Of course, scams have been going on since Adam met Eve, but with computers it's easy to do it on a global and massive scale. The possibilities for fraud are endless: spam, phishing, Nigerian banking schemes, spyware, system hijacking, identity theft, corporate espionage -- you name it. It is effective, and in general it's been easy for the bad guys to get away with it. Since it works, criminals continue to do it and expand their scale to increase the profitability.
Every new craze has its abusers, and it takes a while for any type of regulation or reason to catch up with the scammers. A few years back, the big problem was adware and spyware that inundated users with advertising and stole money from legitimate advertisers. Now the questionable business practices have moved on to new ground like Facebook applications. Michael Arrington has been exposing the ugly underside of how these games are funded. It boils down to dumb users, which of course is a proven and profitable business model.
Since users making bad decisions are the weakest link in the security chain, it also follows that gullible users can hurt an organization whether they use Windows PCs, Macs, Linux, or mobile devices. Strict policies can help, for example to say what software can be used on a company computer. Yet users often don't realize they're violating policies, especially the ones who fall for social engineering scams.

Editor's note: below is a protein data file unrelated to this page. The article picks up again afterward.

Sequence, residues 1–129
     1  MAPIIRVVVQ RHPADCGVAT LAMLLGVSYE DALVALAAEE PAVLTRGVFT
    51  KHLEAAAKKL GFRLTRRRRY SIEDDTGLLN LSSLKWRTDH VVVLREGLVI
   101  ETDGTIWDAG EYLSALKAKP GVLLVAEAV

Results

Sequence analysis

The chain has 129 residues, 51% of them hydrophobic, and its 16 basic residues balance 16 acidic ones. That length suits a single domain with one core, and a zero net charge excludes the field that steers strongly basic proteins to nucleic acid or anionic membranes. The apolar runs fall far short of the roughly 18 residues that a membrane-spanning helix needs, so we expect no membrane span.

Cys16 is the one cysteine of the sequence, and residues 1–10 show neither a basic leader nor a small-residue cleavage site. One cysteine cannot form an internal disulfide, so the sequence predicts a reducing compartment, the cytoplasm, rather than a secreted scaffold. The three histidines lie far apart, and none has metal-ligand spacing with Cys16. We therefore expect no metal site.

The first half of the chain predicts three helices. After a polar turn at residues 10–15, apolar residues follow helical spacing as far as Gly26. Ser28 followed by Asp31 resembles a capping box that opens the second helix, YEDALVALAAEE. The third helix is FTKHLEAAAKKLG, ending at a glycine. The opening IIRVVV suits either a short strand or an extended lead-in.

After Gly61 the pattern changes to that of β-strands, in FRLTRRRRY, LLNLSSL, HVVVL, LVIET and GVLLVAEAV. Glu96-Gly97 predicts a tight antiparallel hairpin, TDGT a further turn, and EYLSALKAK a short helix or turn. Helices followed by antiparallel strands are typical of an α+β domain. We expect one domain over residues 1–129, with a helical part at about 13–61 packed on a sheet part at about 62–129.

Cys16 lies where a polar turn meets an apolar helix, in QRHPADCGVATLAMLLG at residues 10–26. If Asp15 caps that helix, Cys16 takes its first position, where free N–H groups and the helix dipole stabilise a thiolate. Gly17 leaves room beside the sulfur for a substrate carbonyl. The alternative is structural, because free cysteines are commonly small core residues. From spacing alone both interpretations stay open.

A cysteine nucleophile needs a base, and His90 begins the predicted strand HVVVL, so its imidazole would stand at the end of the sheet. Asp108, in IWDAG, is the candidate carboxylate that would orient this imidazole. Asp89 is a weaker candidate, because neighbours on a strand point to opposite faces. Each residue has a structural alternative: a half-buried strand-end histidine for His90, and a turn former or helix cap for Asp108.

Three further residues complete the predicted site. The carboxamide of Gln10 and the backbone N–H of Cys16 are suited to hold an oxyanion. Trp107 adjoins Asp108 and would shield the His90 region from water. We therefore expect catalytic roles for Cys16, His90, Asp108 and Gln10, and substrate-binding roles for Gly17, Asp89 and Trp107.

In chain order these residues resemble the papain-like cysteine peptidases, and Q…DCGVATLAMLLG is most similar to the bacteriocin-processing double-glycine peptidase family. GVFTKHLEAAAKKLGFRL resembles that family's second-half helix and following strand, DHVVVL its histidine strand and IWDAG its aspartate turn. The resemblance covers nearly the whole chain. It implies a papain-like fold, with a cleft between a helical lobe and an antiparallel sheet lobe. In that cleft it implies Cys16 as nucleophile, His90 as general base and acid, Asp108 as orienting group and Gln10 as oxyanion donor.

So what measures can a company take to reduce their risks here? If the past is any indication, regulation or law enforcement can't effectively address these emerging threats. One possible defense is to fight with sofware -- lock down the PCs so that only approved applications are installed and no other software can run, but not all users can handle a leash that short. Education is another step to consider; the more users know about the dangers out there, the better they can respond. Maybe they will be willing to learn about these dangers if you give them a Klondike Bar.